Ichnofabric and Siliciclastic Depositional Systems: Integration for Sequence Stratigraphic Analysis
BOTTJER, DAVID J., University of Southern California, Los Angeles, CA, and MARY L. DROSER, University of California, Riverside, CA
Much previous research on biogenic sedimentary structures has established how ichnofacies (assemblages of discrete trace fossils) vary within marine depositional systems. However, studies aimed at understanding the distribution of ichnofabric (sedimentary rock fabric resulting from biogenic reworking) have only recently been attempted. Because ichnofabric can be recorded using a semi-quantitative series of ichnofabric indices (ii), its distribution in marine sedimentary rocks can be easily recorded through vertical sequence analysis. Thicknesses of strata recording different ichnofabric indices (from no reworking [ii1] to complete reworking [ii6]) can be logged from stratigraphic sections or cores. These data are best displayed in histograms as percent of each ii recorded from the tot l thickness measured. These ichnofabric histograms ("ichnograms") show variable but distinctive distributions for genetic units such as facies within systems tracts of siliciclastic depositional sequences. An average ichnofabric index for any genetic sedimentary unit can also be computed from the data used to construct ichnograms. Because skeletal fossils are typically much less commonly preserved in siliciclastic than carbonate depositional systems, such ichnofabric analyses have the potential of providing an important new line of evidence for depositional systems and sequence stratigraphic analysis of siliciclastic strata. In petroleum exploration results from completing analyses of ichnofabric distribution could provide important information including: (1) systems tracts with fine-gra ned facies that have relatively low ichnofabric values are potential source beds; and (2) petroleum reservoirs that occur in coarse episodically deposited beds are more likely to form in systems tracts with facies that have low rather than high ichnofabric values.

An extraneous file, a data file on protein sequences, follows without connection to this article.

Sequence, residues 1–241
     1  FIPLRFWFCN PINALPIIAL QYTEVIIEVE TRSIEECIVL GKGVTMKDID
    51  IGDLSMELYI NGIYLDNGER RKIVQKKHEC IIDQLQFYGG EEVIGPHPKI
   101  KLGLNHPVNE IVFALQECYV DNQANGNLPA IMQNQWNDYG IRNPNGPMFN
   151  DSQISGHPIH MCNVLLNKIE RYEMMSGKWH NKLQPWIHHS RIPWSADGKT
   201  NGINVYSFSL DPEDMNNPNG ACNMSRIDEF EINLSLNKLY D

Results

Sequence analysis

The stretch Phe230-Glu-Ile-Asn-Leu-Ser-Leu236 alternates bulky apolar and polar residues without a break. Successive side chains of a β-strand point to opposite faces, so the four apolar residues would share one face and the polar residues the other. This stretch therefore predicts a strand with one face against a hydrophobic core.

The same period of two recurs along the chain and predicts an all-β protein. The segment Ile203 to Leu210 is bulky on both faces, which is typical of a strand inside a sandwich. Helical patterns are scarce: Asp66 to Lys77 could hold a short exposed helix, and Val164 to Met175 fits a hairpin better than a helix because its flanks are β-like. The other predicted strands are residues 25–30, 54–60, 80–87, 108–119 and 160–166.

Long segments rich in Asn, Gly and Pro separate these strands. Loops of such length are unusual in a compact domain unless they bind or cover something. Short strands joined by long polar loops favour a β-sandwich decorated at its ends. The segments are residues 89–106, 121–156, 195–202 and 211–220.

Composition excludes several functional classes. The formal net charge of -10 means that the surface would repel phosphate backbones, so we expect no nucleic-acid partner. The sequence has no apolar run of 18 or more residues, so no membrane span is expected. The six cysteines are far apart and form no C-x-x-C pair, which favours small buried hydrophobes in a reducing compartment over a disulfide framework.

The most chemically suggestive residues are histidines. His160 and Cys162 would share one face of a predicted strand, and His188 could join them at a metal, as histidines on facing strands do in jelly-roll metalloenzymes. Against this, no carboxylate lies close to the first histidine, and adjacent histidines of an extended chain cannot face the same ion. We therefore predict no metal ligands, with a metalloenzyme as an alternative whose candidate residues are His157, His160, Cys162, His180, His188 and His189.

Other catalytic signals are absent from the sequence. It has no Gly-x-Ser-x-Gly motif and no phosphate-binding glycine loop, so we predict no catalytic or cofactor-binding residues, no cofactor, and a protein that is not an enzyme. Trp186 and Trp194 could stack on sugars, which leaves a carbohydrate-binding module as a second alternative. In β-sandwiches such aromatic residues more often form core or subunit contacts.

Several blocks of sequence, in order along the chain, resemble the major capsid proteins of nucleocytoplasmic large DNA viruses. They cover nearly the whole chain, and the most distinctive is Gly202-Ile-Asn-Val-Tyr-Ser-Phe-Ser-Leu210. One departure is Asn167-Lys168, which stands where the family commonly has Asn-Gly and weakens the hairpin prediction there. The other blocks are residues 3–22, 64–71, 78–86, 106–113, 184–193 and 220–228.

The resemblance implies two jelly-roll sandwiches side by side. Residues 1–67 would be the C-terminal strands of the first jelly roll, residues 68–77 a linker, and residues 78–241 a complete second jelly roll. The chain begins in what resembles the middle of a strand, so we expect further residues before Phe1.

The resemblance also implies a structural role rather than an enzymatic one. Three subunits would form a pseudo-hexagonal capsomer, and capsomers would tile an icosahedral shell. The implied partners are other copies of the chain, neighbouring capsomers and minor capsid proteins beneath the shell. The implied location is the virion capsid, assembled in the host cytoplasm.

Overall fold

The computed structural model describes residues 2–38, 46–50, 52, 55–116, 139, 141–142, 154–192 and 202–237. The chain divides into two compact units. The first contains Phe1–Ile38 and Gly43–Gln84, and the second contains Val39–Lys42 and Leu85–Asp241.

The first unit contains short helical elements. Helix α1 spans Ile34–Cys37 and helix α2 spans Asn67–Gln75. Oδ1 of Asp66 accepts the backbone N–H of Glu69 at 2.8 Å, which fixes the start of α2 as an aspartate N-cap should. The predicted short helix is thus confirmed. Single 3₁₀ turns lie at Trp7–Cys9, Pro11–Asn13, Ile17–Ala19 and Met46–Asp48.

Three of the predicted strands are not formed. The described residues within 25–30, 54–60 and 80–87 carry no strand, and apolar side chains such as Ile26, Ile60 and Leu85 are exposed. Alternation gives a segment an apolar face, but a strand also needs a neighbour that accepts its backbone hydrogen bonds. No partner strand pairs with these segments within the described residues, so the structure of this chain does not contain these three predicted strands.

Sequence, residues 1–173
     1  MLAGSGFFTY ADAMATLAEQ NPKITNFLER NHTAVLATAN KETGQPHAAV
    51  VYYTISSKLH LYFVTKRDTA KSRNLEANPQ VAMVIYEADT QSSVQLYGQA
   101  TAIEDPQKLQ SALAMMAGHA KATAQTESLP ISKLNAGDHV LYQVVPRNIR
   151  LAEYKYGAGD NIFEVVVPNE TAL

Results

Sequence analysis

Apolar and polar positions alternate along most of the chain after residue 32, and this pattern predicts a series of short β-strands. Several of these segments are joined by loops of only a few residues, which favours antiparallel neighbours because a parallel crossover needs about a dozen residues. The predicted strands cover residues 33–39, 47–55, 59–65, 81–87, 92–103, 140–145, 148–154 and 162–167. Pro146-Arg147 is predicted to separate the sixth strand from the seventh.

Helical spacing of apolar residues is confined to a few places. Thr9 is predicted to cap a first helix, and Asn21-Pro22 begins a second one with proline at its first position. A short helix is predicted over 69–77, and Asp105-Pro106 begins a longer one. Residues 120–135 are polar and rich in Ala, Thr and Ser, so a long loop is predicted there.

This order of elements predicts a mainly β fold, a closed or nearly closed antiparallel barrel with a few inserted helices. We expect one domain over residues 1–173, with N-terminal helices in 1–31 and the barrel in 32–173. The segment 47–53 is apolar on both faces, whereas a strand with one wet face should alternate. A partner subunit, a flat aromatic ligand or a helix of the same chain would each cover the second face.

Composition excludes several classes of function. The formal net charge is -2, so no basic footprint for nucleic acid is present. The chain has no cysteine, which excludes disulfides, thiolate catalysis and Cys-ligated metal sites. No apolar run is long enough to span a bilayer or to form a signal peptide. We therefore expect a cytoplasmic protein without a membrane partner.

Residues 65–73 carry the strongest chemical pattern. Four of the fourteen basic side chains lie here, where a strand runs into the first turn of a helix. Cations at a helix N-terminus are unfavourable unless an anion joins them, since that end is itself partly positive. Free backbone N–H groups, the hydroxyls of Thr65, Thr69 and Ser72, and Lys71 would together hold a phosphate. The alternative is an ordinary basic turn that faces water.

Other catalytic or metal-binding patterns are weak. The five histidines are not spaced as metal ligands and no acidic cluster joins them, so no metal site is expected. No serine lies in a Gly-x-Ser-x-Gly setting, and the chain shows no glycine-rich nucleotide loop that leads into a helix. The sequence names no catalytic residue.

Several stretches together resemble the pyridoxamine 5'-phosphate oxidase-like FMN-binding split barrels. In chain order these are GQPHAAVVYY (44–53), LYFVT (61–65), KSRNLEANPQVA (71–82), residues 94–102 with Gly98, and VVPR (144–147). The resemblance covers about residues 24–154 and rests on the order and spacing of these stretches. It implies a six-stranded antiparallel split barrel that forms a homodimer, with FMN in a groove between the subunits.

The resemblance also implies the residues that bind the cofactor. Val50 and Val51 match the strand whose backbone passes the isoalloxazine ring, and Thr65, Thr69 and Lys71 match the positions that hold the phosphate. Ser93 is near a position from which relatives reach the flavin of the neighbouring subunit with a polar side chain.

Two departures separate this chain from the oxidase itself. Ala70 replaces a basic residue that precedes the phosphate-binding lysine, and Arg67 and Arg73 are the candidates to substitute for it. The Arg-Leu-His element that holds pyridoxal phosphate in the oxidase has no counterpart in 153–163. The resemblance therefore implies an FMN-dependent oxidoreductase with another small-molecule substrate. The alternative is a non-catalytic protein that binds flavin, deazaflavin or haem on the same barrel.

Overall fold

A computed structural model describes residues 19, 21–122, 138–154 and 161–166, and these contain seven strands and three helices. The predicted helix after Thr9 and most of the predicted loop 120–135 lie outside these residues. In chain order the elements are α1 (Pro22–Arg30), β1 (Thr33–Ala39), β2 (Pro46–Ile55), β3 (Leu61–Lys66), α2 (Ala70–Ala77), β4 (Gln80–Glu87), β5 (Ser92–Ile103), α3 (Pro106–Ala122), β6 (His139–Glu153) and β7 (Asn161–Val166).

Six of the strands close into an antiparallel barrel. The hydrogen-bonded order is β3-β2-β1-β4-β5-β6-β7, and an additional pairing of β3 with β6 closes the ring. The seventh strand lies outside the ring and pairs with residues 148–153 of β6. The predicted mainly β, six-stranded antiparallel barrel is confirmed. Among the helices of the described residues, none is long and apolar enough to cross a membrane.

AAPG Search and Discovery Article #91004 © 1991 AAPG Annual Convention Dallas, Texas, April 7-10, 1991 (2009)